Covid-19: Testing and tracing delays will not defer lifting of restrictions, says Holohan

Medical chief rejects Taoiseach’s view schools could reopen earlier than planned

Delays in the testing and tracing system for Covid-19  will not affect the decision on whether to ease lockdown restrictions next Monday, the State’s chief medical officer has said. File photograph: Olivier Douliery/AFP via Getty Images

Delays in the testing and tracing system for Covid-19 will not affect the decision on whether to ease lockdown restrictions next Monday, the State’s chief medical officer has said. File photograph: Olivier Douliery/AFP via Getty Images

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Delays in reducing the time it takes to test and trace the contacts of new Covid-19 cases will not affect the decision on whether to ease lockdown restrictions next Monday, the State’s chief medical officer has said.

Technical issues have delayed the time it takes to test infected people and trace their contacts, but Dr Tony Holohan insisted that this would not be a factor in the decision of the State’s National Public Health Emergency Team on sanctioning the first wave of lockdown relaxations.

“I am not anticipating that we will be in a situation whereby that performance is going to limit us in terms of easing restriction,” he said at the Department of Health Covid-19 briefing on Wednesday.

The department announced that 10 more people have died in the State from Covid-19, the lowest daily death toll since late March, and that there were 159 new cases of the virus.

These latest figures brought overall coronavirus-related fatalities here to 1,497, of which 55 per cent, or 818 people, were nursing home residents. There are now 23,401 confirmed cases of the virus in the country.

The Government has proposed allowing up to four people not from the same household to meet outdoors from Monday and the reopening of some retail outlets such as garden centres, but health officials will make a final decision on sanctioning this based on infection rates and hospital figures.

Dr Holohan pointed to continuing improvements in relation to testing and contact tracing over the coming days and that the “trajectory” of improvement will continue “all the way up to Monday”.

Childcare scheme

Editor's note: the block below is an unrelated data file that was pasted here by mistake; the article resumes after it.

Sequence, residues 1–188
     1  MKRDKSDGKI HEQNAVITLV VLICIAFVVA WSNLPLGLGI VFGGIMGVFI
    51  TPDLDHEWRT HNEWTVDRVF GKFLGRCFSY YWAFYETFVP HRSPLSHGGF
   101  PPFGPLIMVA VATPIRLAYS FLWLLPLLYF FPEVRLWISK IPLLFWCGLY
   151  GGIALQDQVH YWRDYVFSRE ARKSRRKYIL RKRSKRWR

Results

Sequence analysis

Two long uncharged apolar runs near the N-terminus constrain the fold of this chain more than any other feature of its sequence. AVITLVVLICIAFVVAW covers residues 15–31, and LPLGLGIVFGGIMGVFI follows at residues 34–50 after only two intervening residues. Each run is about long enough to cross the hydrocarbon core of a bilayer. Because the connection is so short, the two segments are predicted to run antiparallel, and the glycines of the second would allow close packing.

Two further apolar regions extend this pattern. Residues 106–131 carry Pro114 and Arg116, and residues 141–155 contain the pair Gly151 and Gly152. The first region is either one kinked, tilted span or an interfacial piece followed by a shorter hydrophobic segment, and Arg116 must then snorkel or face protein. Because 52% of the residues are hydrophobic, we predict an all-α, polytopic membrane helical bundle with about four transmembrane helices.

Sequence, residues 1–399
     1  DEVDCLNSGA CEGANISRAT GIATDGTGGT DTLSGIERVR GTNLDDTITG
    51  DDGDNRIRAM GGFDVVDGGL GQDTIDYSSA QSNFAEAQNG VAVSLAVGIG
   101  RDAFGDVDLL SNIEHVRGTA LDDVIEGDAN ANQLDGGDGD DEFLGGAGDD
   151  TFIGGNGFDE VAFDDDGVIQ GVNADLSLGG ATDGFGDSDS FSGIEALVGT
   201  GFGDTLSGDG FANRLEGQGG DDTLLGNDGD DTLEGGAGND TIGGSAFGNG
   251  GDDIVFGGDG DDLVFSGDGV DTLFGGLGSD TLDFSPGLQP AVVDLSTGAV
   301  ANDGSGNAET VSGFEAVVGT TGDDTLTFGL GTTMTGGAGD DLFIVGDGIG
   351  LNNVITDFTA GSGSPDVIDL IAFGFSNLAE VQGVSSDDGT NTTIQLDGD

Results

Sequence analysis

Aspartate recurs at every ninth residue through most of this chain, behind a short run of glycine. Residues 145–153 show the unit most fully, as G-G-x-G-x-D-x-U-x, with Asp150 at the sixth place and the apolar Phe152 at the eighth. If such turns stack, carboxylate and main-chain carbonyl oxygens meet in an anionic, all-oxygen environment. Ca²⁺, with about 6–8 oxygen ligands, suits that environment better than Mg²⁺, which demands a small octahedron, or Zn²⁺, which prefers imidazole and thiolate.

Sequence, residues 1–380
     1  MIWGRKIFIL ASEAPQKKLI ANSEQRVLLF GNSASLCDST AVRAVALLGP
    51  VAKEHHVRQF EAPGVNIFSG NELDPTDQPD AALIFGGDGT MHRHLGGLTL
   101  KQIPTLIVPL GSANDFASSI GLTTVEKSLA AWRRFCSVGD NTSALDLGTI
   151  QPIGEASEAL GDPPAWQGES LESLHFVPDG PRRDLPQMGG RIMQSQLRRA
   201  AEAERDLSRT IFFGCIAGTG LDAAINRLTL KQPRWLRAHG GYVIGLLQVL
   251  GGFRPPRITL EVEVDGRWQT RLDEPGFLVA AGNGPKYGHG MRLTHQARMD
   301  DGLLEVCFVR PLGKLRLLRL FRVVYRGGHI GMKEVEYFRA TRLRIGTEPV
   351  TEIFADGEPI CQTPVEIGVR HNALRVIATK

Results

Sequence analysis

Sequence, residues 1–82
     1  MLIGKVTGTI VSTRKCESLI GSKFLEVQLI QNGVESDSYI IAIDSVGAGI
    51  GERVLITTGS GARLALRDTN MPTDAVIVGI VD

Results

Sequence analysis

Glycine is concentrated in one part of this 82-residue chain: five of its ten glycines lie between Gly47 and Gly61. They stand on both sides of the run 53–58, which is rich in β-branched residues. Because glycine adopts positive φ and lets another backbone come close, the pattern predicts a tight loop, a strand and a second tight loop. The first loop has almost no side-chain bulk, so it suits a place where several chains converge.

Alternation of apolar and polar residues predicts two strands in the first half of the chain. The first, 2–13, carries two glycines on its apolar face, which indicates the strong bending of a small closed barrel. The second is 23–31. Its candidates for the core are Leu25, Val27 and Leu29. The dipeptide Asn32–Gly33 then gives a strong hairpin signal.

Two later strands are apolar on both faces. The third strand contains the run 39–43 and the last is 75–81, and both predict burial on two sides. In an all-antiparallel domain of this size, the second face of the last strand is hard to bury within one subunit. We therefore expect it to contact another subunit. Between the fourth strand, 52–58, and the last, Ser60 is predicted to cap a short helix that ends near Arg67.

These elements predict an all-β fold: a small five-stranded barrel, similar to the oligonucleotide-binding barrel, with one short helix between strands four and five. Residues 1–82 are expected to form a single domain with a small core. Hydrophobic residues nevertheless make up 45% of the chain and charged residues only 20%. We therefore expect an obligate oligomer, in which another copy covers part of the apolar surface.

In a setback to the Government’s Covid-19 response, however, Minister for Children and Youth Affairs Katherine Zappone on Wednesday night announced the scrapping of a scheme to provide temporary childcare to healthcare workers – launched just last week to provide childcare at home for front-line medics – due to the low take-up by childcare providers.

Only six providers signed up to be part of the service, with owners citing difficulties with insurance cover and concerns over possible transmission of the virus for the low number.

The HSE will pledge in a new plan to be unveiled on Thursday that Covid-19 test results and contact tracing will be turned around within 72 hours – down from a nine-day average turnaround time that health specialists say is not fast enough to fight the pandemic.

The plan, aimed at supporting the process of gradually easing restrictions from Monday, will set out a series of key performance indicators, including the number of tests per week, the turnaround time for results and the targets for faster contact tracing.

Schools reopening

Dr Holohan dismissed the possibility of schools reopening earlier than planned, playing down the Taoiseach’s enthusiasm that this could happen sooner.

Leo Varadkar had said earlier on Wednesday that reopening schools for children “over the next couple of months” was “among the safest things” that the State could do in light of latest medical research.

Dr Holohan said that there was “a very small number of studies” on the issue involving “small numbers of children”, but insufficient evidence to change official advice on reopening schools.

No consideration had yet been given to the wearing of face coverings in classrooms when schools are due to reopen in September, he said.

Government sources suggested the Taoiseach’s intention had been to put the education system on notice that schools would reopen in September and to combat claims that this may not be possible.

Sources suggested schools could reopen earlier, by about a week or so, to allow children with special needs to reacquaint themselves with the school setting before term starts, while teachers and staff could be allowed back in the opening phases to prepare for the school year.

Dr Holohan said he was still advising against non-essential travel in or out of the country, despite the EU pushing for borders to reopen in order to revive travel in the June-August holiday season.

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